While Scotland's government calls an emergency session on a Saturday, the inactivity of the Tories has been nothing short of breathtaking, followed closely by the lacklustre London press.
But no one in the mainstream media appears bothered that the nation was lied to and so far I've not seen any journalist doorstep the likes of Johnson, Gove or the others about this.
Meanwhile, the EU has made it clear that it's not going to wait for Cameron to bimble around aimlessly until October and has already started meetings about Britain's departure from Europe, and the French have chipped in saying UK borders can move back to Dover from Calais.
The money markets are in a spin, the pound is worth about three cans of beans and a bottle of Worcester sauce, and people on both sides of the referendum debate are feeling abandoned and helpless. This is the biggest crisis the country has had to face since World War II and no one, apart from the Scottish leader, appears in control.
Sturgeon, without a hint of schadenfreude, has described the situation as shameful, but, as I said before, her priorities lie with the Scottish people – although there are growing calls to move the English border to Hull…
She gave more than half a dozen major political interviews on Sunday morning just 24 hours after her Cabinet held an emergency session in response to the referendum result. She told ITV's Gordon Brewer: "If the Scottish Parliament is judging this on the basis of what’s right for Scotland, then the option of saying we’re not going to vote for something that’s against Scotland’s interests, that’s got to be on the table. You’re not going to vote for something that is not in Scotland’s interests."
Brewer asked Sturgeon if she could imagine the fury of English people who voted for Brexit if Scotland tried to block the UK leaving the EU, and she responded: "I can, but it’s perhaps similar to the fury of many people in Scotland right now as we face the prospect of being taken out of the EU against their will. I didn’t create these situations. I’m trying to navigate the best way forward through them."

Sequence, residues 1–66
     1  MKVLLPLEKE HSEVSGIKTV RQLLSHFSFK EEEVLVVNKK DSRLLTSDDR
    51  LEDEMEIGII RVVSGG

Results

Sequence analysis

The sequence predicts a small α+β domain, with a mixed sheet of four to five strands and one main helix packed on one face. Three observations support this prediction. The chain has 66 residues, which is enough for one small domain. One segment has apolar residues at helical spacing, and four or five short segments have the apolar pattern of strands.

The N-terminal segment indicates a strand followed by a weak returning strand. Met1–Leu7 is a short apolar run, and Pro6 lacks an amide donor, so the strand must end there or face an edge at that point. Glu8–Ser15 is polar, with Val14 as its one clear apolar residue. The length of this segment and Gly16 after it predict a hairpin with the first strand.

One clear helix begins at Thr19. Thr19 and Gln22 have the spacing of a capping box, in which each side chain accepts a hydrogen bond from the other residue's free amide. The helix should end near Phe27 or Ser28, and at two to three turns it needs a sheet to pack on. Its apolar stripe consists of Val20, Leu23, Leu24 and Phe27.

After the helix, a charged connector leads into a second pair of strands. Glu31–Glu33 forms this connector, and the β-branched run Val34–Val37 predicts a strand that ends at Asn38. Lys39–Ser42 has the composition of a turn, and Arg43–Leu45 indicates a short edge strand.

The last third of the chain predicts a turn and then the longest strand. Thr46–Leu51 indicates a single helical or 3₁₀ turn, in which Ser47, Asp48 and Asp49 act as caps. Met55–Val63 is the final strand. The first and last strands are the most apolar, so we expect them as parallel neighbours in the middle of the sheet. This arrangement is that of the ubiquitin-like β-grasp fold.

The money markets are in a spin, the pound is worth about three cans of beans and a bottle of Worcester sauce, and people on both sides of the referendum debate are feeling abandoned and helpless.
And during an interview on the BBC's Andrew Marr Show she warned the next Tory leader off trying to block a new independence referendum, adding: "I don’t think it is acceptable in the context we find ourselves in for anybody trying to dictate to Scotland the terms of how we seek to take the country forward. It is simply not acceptable and I would caution any future prime minister against putting themselves in that position."
When asked about the political shenanigans in London, she said: "As I watch what’s happening in Westminster just now, the complete vacuum of leadership, it’s shameful what’s happened both in the Tory party and in Labour, I am determined that Scotland is going to be led, and led with purpose."
Frankly I can't wait to escape the madness and head north again and would not be in the least bit surprised if I'm met by thousands of English refugees doing the same – at least they would be given a warm welcome by a country that's open for business 24/7.
Picture courtesy of Yvonne Ridley